When you're pregnant, everything you put in your body can affect your baby. If you smoke, your baby is exposed to chemicals such as nicotine and carbon monoxide.
Second-hand smoke also is a problem. Babies whose mothers breathe other people's tobacco smoke during pregnancy are more likely to have health problems.
Smoking during pregnancy increases the chance of:
Babies with low weight at birth can have more health problems than those born at normal weight. Some of the problems can be serious. A baby with a low birth weight may have a greater chance for problems in adulthood, such as high blood pressure, diabetes, and heart disease.
When you're smoke-free, you give your baby the oxygen he or she needs for a healthy start. And you protect your baby from the chemicals in tobacco smoke.
If you quit smoking before you become pregnant, your risk of having a baby with a low birth weight is the same as that of a woman who does not smoke. The same is true if you quit during the first 3 months of your pregnancy.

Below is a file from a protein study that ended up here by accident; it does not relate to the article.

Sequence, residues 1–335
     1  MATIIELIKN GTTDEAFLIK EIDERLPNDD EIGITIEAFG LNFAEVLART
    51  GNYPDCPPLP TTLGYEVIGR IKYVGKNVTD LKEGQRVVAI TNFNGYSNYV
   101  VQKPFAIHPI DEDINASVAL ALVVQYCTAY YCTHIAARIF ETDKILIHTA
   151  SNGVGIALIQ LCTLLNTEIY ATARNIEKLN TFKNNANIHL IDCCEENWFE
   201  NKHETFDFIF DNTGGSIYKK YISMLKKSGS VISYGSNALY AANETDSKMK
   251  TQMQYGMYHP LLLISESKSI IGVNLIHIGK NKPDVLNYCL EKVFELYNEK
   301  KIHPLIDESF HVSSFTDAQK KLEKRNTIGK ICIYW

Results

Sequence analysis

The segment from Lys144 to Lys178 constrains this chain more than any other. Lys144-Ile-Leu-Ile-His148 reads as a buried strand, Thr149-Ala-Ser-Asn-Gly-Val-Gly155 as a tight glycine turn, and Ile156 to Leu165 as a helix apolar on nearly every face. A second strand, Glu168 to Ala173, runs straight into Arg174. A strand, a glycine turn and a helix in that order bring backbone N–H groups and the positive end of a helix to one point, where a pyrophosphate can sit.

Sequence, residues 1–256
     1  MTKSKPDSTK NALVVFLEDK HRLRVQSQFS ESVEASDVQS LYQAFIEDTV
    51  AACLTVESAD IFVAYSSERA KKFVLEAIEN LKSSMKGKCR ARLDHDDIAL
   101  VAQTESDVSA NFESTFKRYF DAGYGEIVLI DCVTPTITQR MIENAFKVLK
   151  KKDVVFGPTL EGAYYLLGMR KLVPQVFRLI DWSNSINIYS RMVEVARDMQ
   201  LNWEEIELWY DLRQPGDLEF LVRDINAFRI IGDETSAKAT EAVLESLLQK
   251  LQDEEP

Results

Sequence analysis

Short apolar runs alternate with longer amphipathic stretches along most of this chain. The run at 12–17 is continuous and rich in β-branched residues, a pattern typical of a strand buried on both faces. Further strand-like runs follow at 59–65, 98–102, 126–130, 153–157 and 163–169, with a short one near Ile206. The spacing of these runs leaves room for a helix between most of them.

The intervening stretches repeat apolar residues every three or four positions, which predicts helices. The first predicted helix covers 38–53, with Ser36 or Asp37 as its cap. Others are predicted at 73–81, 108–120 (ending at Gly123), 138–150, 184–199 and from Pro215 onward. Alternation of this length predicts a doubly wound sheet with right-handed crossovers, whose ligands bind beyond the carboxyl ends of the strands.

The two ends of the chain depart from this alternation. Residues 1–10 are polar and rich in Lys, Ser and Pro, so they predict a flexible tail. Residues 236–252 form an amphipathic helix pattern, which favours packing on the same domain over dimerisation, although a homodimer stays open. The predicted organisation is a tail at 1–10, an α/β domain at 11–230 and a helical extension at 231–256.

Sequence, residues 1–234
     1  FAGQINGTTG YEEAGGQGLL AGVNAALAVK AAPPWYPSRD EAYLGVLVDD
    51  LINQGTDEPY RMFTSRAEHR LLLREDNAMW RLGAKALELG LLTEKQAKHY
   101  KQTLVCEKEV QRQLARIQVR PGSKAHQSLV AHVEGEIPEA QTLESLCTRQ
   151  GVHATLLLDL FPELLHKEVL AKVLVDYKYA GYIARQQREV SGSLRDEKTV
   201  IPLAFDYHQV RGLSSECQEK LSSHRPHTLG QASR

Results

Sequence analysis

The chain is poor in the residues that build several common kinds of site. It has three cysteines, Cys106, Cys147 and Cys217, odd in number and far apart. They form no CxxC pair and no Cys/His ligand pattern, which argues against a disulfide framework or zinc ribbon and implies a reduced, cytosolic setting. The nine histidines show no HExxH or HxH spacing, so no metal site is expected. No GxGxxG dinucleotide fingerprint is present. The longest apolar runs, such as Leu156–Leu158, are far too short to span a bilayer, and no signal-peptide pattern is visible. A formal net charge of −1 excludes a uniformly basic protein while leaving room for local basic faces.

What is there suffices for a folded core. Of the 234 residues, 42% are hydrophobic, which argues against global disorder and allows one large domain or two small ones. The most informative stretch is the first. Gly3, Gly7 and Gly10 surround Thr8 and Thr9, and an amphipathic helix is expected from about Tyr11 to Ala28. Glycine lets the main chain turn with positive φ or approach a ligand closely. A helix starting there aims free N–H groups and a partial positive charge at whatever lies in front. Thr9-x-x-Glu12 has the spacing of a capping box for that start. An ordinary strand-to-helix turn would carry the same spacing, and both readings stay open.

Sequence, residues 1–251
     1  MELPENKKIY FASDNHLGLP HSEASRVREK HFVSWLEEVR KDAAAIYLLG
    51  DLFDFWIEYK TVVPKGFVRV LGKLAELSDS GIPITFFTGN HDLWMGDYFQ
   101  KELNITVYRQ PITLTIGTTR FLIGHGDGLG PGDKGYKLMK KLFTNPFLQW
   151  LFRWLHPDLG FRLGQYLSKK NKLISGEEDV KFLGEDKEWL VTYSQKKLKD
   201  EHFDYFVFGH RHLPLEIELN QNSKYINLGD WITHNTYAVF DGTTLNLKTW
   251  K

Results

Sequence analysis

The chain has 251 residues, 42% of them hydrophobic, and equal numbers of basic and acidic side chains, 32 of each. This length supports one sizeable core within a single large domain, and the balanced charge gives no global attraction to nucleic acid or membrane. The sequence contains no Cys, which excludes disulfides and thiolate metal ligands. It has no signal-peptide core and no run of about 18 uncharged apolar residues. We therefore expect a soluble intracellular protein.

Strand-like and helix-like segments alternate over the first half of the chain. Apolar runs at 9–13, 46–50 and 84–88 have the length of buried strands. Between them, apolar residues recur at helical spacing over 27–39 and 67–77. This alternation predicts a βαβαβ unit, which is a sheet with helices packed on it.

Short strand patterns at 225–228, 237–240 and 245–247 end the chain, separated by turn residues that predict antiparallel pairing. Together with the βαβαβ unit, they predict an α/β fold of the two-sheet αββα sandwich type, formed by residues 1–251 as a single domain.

It's never too late to quit smoking. Women who quit later in pregnancy still reduce the risk of problems for their babies.
It's also important to stay smoke-free after your baby is born. Ask others to not smoke around your baby. Protecting your baby from tobacco smoke will reduce your baby's chance of having breathing problems.
When you're ready to go smoke-free, use these tips to help you quit:
Follow-up care is a key part of your treatment and safety. Be sure to make and go to all appointments, and call your doctor or nurse call line if you are having problems. It's also a good idea to know your test results and keep a list of the medicines you take.
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Current as of: March 16, 2017
Kathleen Romito, MD - Family Medicine
& Michael F. Bierer, MD - Internal Medicine,
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